To answer this question we need to carefully consider the purpose of William Bradford's History of Plymouth Plantation. This book is generally thought of as a history of life in early colonial New England. Because it is the only work of it's kind to address this time and place, it is usually studied in school as an example of colonial literature and an important historical document. However, we need to keep in mind that students, especially high school students, are typically exposed to only a small portion of the book.
The oft-used high school textbook Elements of Literature—Fifth Course has only excerpts from Chapters 9 and 11 of the book. Entirely omitted is the story of the Puritans in Holland and England prior to their journey to America. This part of the book, which covers about 14 years of Puritan history, details their difficulties in finding a place to worship. By the time the finally reach the New England shore in September, 1620, they have already faced many hardships and deprivations.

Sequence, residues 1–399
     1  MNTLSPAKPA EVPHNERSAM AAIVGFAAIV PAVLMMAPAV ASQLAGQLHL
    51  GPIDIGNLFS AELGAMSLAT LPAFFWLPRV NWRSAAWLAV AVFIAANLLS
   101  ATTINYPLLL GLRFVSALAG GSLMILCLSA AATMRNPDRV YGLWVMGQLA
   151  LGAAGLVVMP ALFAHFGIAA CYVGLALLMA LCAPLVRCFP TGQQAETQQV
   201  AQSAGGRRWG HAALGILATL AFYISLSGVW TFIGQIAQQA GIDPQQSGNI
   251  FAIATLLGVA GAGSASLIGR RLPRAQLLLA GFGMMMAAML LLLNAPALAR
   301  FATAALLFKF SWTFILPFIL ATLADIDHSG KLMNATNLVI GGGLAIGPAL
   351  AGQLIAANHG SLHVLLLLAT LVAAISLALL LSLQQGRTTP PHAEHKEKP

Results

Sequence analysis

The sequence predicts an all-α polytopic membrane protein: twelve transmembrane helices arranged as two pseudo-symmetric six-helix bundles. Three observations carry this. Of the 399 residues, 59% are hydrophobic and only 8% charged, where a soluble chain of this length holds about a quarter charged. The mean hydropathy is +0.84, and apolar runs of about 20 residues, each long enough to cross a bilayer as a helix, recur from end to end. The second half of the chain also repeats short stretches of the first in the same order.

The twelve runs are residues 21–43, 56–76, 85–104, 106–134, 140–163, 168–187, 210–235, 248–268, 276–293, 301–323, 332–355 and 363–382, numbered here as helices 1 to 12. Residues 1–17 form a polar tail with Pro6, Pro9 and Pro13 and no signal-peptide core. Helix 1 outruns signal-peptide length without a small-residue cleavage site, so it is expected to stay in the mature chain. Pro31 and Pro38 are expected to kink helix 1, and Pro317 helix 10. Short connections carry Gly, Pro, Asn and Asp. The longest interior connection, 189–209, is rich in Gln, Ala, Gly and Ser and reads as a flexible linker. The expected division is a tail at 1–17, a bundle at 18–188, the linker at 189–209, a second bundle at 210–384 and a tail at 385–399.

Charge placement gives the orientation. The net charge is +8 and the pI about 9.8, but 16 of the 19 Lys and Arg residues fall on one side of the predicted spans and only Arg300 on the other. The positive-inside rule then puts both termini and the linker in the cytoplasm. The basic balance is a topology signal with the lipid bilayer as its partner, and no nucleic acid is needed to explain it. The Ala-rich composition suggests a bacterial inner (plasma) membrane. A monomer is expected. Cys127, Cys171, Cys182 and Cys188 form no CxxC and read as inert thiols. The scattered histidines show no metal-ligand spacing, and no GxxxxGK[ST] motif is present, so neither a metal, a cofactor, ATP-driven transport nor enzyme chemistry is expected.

Bradford's purpose is not so much to illustrate an important aspect of America's origin and development, but to show how the Puritans are working in accordance with God's will to establish a Godly settlement in which they can live according to their own beliefs.
We see this religious emphasis in Bradford's interpretation of events. When relating the fate of a particularly unlikable non-Puritan sailor, Bradford writes:
But it pleased God before they came half seas over, to smite this young man with a grievous disease, of which he died in a desperate manner.
Bradford attributes the death of the sailor to God's vengeance. In fact, just about everything is attributed to God's will in one way or another. It is entirely natural for Bradford and the Puritans to look at life this way, so we see quite a few similar instances throughout History of Plymouth Plantation. Bradford wants to show the that the Plymouth colony has successfully fulfilled God's plan.